The arrival of Tesla’s Powerwall battery storage unit in Australia over the next few months will herald the biggest challenge to Australia’s electricity industry for decades.
Tesla announced last Thursday that it is fast-tracking the roll-out of its battery storage product, and Australia will be its first market for the 7kWh household units. The first deliveries had not been expected until well into 2017.
Tesla is targeting the Australian market first because it is ripe for change, with high electricity prices; excellent sun; lots of rooftop solar (more than 4,400MW on more than 1.4 million homes); and a tariff structure that will make it attractive for households and businesses to store their solar output for self-consumption.
But the promised benefits of battery storage to Australian consumers could be undermined because of a major turf war between the incumbent utilities, whose business models are being threatened by the new technology, and because regulators are being so slow to act.
Australia’s network operators and electricity retailers say they can see battery storage coming, yet they seem unprepared for the speed of that transition. To protect their outdated business models they are erecting barriers, changing tariff structures by jacking up fixed prices, and in some cases even banning storage and electrical vehicles from the grid.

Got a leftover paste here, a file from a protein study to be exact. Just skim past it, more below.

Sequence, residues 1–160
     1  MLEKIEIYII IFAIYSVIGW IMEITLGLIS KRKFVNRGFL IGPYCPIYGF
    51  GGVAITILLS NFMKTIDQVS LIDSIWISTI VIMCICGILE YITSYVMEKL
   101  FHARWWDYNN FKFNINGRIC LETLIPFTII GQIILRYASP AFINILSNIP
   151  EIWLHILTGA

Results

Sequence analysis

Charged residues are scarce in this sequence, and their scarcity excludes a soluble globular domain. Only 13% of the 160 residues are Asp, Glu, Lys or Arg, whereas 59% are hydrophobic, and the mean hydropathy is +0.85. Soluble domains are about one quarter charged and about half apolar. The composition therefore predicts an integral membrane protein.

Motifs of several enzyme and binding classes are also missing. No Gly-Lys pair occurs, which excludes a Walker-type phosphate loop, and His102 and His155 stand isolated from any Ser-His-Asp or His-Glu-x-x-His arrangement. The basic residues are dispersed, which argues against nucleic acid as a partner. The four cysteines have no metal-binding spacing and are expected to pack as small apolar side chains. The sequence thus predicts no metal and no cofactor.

Another barrier is the emerging turf war between network operators – the companies who run the poles and wires – and the electricity retailers – the companies who package up and send you the bill – over who can deal with customers.
The retailers argue it would be unfair that networks, who operate the poles and wires as a monopoly and have a massive regulated asset base, should be allowed into the residential market.
They have a point. But many argue that the answer is further deregulation, not less: If the networks are allowed into the residential market, then other players should be allowed into the network market, such as those proposing micro-grids and other solutions that could make networks smaller and smarter, and hopefully less expensive.
The networks won’t like that because are worried about their ability to recoup revenues if more consumers supply and manage their own power – the so-called “death spiral”.
To protect those revenues, they are even going so far as suggesting that households be billed for the network even if they go off-grid. If those barriers remain, the loser will be the consumer.
South Australia Power Networks boss Ron Stobbe said last year that the energy transition could be terminal for the so-called “gentailers”, the energy giants that operate both big generation fleets and package up the bills to their clients.
Stobbe suggested the push to battery storage and the move to micro-grids could make centralized generation virtually redundant, an observation repeated by the head of the UK national grid earlier this week.
© 2015 Solar Choice Pty Ltd